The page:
Vineyards of Pico

Vineyard in The Azores
Image by Rafal Gadomski / Shutterstock
Image by Rafal Gadomski / Shutterstock

The island of Pico has produced wine since the 15th century, but don’t expect neat rows of vines amid picturesque fields. The vintners here adapted to a landscape of volcanic soil littered with lumps of black basalt.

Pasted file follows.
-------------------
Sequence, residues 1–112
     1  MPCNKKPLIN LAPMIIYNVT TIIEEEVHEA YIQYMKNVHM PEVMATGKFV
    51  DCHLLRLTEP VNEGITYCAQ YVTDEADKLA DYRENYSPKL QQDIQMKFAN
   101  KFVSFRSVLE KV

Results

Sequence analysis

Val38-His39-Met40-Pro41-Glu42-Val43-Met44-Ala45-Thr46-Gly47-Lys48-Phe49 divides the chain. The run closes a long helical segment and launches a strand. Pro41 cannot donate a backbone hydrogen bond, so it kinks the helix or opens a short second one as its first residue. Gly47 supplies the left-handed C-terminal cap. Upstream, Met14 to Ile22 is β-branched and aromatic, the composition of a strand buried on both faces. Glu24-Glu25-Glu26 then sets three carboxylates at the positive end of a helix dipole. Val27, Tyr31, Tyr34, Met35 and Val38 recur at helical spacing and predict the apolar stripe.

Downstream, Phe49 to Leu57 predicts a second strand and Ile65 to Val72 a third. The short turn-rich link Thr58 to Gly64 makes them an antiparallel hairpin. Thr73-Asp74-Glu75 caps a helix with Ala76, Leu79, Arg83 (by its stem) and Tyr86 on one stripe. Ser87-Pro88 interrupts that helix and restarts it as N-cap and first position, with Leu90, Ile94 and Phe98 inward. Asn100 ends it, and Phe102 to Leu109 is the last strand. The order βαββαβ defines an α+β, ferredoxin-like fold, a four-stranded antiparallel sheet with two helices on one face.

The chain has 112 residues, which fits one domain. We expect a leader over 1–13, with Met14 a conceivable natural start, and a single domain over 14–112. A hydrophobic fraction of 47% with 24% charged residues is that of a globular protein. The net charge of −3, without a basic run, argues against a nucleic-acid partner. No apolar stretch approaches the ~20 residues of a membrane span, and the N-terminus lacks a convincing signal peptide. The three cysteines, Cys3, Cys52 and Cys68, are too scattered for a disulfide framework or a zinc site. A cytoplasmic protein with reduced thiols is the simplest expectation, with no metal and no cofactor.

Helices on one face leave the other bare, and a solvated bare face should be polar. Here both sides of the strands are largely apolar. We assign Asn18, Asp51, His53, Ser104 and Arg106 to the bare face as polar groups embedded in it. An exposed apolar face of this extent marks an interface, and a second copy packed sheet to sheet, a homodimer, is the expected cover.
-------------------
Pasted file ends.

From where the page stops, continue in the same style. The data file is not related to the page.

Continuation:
They used the basalt to create dry stone-walled plots called ‘currais’, which expose the vines to the sun but protect them from the wind. A vast grid of currais covers more than 2,000 acres of land on Pico’s western coast.

This area – known as Criação Velha – became a Unesco World Heritage Site in 2004 and you can learn more about its unique history of viniculture at the Pico Island Vineyard Culture Interpretation Centre in Lajido Santa Luzia.